Low-maintenance trees that flower for months: What’s not to love about the Crape Myrtle? Their blooms, fall foliage and attractive, peeling bark provide year-round interest in your garden and beyond.
Plus, Crape Myrtle Trees are tough. Thanks to their drought tolerance and heat resistance, they continue to bloom through harsh conditions. They can even tolerate urban smog and pollution, making them an excellent choice for city landscapes.
However, being tough doesn’t make them totally invincible! In the rare case that your tree develops an issue, here are a few quick and simple solutions to quickly restore its full health.
Why Isn’t My Crape Myrtle Blooming?
April showers bring May flowers, right? Well, this isn’t exactly the case with the Crape Myrtle. These trees bloom later in the summer, around June, so you won’t see crape flowers as early as you see roses or gardenias in your garden.
But wait if it’s midsummer and your tree still hasn’t bloomed, check its location. Crape Myrtle Trees need at least six hours of sunlight a day in order to bloom. Prior to planting your trees, watch your yard to see how much sunlight it gets and determine the best planting location from there.
Also, be sure to check your fertilizer. Fertilizers that are high in nitrogen will help your trees grow faster but can neglect the flowers. For the brightest blooms, use a fertilizer that’s high in phosphorous. A well-balanced fertilizer like formula 10-10-10 will be best for the overall health of your Crape Myrtle.
Oddly Colored Blooms?
Sometimes purple, pink and red blooms will emerge with a dull shade of color and can even be white. This doesn’t mean something is wrong with your tree – the weather can affect the color of the blooms.
The blooms contain a pigment called anthocyanin, which is activated by sunlight. If you have a lot of cloudy days in the late spring or early summer, the pigment of your Crape Myrtle may not become “activated.” By the next blooming cycle (in a few short weeks), the flowers should have their natural color.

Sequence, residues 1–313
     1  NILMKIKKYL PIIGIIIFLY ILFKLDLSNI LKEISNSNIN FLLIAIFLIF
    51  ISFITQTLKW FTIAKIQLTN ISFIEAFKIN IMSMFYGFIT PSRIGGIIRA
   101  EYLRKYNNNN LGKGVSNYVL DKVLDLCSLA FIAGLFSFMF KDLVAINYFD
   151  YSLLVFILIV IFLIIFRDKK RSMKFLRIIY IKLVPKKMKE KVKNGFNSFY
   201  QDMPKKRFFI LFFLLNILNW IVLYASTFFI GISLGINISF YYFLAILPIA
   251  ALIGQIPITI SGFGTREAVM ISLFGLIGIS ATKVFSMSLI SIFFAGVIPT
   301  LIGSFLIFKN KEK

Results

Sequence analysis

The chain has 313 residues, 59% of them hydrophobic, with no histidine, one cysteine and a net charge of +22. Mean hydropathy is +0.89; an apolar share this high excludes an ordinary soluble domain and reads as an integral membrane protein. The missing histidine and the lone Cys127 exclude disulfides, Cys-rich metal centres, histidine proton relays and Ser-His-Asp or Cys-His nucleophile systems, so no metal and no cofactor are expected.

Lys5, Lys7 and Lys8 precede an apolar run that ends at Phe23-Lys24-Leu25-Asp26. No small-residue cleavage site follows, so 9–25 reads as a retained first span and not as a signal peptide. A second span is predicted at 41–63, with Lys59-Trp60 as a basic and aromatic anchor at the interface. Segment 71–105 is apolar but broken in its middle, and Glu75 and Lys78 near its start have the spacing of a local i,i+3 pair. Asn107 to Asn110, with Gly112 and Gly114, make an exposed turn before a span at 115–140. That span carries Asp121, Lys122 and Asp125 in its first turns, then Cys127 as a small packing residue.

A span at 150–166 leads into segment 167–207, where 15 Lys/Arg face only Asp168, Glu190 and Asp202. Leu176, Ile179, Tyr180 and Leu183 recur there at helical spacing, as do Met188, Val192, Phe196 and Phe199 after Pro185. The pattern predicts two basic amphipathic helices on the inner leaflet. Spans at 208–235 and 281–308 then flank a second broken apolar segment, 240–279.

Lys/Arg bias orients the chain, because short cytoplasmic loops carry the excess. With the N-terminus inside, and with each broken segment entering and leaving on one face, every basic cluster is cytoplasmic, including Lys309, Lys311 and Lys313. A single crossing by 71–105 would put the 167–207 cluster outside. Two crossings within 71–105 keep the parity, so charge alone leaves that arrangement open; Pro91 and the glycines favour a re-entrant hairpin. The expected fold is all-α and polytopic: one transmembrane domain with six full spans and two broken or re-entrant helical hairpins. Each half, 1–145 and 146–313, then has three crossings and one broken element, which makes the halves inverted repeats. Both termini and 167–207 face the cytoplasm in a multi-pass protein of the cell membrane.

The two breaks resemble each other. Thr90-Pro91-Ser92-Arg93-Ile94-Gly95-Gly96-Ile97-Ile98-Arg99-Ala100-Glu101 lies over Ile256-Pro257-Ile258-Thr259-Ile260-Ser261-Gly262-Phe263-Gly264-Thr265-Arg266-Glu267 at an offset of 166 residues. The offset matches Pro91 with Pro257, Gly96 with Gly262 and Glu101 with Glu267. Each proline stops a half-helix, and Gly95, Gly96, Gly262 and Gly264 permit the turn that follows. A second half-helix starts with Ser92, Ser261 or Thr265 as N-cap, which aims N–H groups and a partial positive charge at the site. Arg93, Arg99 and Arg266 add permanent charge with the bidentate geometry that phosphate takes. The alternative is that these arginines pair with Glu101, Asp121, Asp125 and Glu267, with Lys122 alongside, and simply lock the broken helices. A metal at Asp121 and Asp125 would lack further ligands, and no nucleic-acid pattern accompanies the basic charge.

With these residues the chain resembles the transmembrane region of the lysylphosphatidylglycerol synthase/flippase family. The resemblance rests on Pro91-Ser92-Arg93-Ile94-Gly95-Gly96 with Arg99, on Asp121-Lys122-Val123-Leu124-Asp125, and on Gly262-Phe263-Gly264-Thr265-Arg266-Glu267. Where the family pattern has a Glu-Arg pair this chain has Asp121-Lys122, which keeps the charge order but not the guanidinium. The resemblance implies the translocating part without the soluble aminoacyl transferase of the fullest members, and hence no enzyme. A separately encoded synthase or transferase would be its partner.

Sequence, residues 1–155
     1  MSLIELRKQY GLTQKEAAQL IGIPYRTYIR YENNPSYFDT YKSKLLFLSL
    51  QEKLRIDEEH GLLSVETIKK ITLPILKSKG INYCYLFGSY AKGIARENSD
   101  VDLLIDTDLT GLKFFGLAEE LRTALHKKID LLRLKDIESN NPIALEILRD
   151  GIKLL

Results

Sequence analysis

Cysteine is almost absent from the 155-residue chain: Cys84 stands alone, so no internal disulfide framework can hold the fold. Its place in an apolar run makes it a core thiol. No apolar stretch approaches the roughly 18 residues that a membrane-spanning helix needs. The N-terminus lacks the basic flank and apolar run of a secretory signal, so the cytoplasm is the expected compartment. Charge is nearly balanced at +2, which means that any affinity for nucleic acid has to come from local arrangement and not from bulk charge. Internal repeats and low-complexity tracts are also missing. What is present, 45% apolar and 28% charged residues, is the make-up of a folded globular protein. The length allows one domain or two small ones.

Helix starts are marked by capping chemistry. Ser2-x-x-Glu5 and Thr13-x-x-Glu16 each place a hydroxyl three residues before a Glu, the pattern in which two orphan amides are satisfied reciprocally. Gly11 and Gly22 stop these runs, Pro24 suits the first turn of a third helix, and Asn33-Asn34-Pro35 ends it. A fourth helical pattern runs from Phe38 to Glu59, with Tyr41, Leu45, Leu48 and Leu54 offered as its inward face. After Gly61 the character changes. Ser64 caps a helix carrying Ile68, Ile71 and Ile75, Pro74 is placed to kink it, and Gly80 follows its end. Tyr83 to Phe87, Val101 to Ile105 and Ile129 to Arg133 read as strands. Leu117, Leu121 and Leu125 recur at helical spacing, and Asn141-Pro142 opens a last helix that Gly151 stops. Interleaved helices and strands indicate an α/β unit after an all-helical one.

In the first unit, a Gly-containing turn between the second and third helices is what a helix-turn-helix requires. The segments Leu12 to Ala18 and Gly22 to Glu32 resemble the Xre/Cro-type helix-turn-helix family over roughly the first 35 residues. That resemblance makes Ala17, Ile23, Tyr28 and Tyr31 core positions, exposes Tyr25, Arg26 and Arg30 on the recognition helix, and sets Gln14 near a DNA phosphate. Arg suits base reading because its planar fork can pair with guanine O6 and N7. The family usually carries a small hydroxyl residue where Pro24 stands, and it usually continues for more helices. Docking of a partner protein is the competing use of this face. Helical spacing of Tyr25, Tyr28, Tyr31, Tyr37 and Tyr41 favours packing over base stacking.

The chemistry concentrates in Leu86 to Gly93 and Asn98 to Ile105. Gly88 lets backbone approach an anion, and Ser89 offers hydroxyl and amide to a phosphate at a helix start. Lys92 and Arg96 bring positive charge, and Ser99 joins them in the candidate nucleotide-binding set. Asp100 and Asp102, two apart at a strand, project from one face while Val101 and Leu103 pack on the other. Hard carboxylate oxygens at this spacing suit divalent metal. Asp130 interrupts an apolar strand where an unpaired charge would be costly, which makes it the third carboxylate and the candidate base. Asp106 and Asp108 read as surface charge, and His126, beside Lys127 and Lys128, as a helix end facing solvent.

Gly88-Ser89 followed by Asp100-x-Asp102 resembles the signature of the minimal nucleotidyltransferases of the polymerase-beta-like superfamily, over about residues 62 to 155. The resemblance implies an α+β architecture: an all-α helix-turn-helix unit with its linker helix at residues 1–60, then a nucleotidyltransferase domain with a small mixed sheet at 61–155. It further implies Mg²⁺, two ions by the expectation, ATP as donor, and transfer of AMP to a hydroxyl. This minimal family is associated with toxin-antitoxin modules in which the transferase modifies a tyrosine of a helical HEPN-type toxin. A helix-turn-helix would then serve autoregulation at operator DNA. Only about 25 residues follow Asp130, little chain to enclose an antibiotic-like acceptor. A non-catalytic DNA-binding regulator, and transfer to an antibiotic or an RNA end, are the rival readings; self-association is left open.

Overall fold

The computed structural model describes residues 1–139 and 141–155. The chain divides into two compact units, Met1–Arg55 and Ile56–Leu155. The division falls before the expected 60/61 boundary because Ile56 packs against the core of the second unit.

Other environmental factors that affect the bloom color: the amount of water that your trees receive and the pH balance of your soil.
The Crape Myrtle is known for being drought tolerant, but it prefers a moderate amount of consistent moisture. Keep the soil for your trees moist but not oversaturated. If it doesn’t rain, your trees will need a long, slow and deep watering once or twice a month.
The Crape Myrtle prefers slightly acidic soil with a pH ranging from 5.0 to 6.5. To raise the acidity of your soil, add organic matter, peat moss or lime to it. To lower the acidity, add sulfur. Measure the pH balance of your soil with a pH tester, which can be found at your local gardening store.
Spots or White Powder on Crape Myrtle Leaves?
Like all trees, Crape Myrtles can develop fungus or mildew on their leaves. However, the Crape Myrtle does boast a higher resistance to pests and diseases than other flowering tree varieties, and when they are affected, the issues are easy to mediate quickly.
Our disease resistantvarieties include the Natchez, Sioux, Tonto, Dynamite, Red Rocket and more.
Aphids are tiny green bugs that crawl on leaves and bite into them for the tree’s nectar. They cause sooty mold by leaving their organic material on Crape Myrtle leaves. You can eliminate aphids naturally with neem oil or an organic pesticide. Good insects, like ladybugs or praying mantises, also eat the aphids.
Scales are small white or gray bugs that collect on the trunk of trees. They’re noticeable because their organic material causes the bark to turn black with sooty mold. Luckily, the mold can be sprayed and cleaned with a hose. You can also use neem oil or an all-natural pesticide spray to get rid of scales. Be sure to direct spray inside any cracks or crevices inside the trunk.